We used EpiData software for data entry (version 3.1, EpiData Association, Odense, Denmark). All data were independently validated by a second person. Data were then transferred to Excel software (Microsoft Corp, Redmond, WA, USA) for a descriptive analysis, presenting absolute numbers and proportions of HIV coinfection, uptake of CPT and ART, and adverse treatment outcomes per year.
Permission to carry out the study was obtained from the Swaziland Ministry of Health Scientific Research and Ethics Committee, Mbabane, Swaziland. The Médecins Sans Frontières Ethics Review Board (Geneva, Switzerland) approved the criteria for studies of routinely collected data, and approval was also granted by the Ethics Advisory Group of the International Union Against Tuberculosis and Lung Disease, Paris, France. As this was a record review study with aggregated anonymised data, the issue of informed patient consent did not apply.
The number of TB cases notified between 2010 and 2013, along with the numbers of patients who were tested for HIV, tested HIV-positive, tested HIV-negative, started on CPT and on ART, are shown in Figure 1. There was a decrease of 40% in the number of patients enrolled for anti-tuberculosis treatment, from 11 057 cases in 2010 to 6665 in 2013. The same trend was observed among HIV-positive patients with TB. HIV testing uptake increased from 86% in 2010 to 96% in 2013. The coinfection rate remained stable, at around 70%. Over 90% of the patients were prescribed CPT over the time period, from 93% in 2010 to 99% in 2013. ART uptake among TB-HIV co-infected patients increased from 35% to 75% over the study period.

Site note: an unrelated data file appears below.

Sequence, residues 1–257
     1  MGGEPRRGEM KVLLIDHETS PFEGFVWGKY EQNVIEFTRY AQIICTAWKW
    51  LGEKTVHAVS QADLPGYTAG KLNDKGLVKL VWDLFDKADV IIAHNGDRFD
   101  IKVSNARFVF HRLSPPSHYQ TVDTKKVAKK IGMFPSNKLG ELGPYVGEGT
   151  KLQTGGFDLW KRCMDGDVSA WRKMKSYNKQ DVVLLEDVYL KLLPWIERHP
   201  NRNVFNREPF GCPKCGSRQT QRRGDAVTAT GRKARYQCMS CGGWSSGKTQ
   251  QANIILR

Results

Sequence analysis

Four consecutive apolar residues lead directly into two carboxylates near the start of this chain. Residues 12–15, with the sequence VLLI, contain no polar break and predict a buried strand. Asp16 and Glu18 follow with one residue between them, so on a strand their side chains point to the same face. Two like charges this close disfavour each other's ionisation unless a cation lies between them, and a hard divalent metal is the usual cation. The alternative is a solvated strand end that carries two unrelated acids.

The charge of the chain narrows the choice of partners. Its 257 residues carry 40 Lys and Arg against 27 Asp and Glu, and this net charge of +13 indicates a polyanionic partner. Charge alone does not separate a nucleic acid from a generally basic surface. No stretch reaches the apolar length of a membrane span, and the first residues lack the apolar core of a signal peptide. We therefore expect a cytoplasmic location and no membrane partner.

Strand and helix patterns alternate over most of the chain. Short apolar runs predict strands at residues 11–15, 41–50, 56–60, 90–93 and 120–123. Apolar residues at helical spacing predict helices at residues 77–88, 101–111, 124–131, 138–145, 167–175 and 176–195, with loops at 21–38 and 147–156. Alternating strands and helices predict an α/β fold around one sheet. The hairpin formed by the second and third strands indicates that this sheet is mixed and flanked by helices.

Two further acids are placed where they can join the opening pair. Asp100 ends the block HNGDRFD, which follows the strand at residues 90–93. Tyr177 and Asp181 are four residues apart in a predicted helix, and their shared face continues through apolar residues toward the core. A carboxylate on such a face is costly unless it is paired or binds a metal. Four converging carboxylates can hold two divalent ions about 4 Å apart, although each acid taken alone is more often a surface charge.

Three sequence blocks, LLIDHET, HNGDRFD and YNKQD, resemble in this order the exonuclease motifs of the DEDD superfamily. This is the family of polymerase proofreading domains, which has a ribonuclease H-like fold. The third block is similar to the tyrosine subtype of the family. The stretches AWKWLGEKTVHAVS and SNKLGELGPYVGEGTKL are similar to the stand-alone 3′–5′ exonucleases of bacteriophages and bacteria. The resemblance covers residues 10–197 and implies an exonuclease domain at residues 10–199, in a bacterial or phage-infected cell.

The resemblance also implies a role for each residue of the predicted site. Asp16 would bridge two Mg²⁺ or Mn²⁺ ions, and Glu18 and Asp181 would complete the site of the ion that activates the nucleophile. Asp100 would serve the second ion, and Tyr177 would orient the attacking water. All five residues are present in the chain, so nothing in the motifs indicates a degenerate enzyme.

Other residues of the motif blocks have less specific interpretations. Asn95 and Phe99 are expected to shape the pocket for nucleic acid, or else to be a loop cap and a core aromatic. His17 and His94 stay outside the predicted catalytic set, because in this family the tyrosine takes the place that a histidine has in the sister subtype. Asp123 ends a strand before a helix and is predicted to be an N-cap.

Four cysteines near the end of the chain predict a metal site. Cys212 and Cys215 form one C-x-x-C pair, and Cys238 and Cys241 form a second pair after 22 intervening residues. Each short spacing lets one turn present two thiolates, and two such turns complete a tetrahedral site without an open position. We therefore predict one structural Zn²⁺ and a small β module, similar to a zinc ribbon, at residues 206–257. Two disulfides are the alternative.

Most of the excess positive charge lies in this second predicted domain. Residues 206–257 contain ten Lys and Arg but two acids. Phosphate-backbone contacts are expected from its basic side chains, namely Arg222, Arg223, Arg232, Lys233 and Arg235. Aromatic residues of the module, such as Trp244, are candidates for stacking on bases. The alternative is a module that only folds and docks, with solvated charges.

Annual trends in adverse outcomes among TB-HIV patients are shown in Figure 2. The proportion with adverse outcomes amongst all notified TB-HIV patients decreased from 36% in 2010 to 30% in 2013 (Figure 2A). Mortality remained high, at between 14% and 16% over the study period notified. Failure rates were stable over time (<5%). The proportion of loss to follow-up decreased from 11% in 2010 to 9% in 2013. Similarly, the proportion without treatment outcome information declined from 7% in 2010 to 2% in 2013. Failure rates among retreatment patients were higher, ranging from 7% to 10% (Figure 2C). Apart from the higher mortality among TB retreatment cases in 2011, the trends were generally comparable between new and retreatment cases (Figure 2B and and2C2C).
We report on the impact of HIV interventions, which included high uptake of CPT and ART, on anti-tuberculosis treatment outcomes in all TB-HIV co-infected patients in an African country with a reasonably well-functioning health care system. Between 2010 and 2013, ART coverage among patients co-infected with TB-HIV increased substantially, reaching 75%. Across the same time period, a clear reduction in total and HIV-associated TB case notifications was observed, in line with other studies.7,10 Contrary to our expectations, the rate of mortality amongst TB-HIV patients did not decline but remained stable, at 14–16%, despite the high coverage of CPT and increasing ART uptake.
Our findings on the stable mortality rate are in line with a recent study from Malawi where, despite an ART uptake of up to 88%, no reduction in mortality among notified TB cases was seen between 2008 and 2012,7 but rather a trend towards higher mortality, which reached 13–15%. The WHO and other international stakeholders have recently engaged to reduce TB mortality by 90% by 2030.15 With 70% of the TB burden occurring in HIV-infected patients in countries such as Swaziland, the high case fatality rates in TB-HIV coinfection seriously compromise the chances of achieving these targets.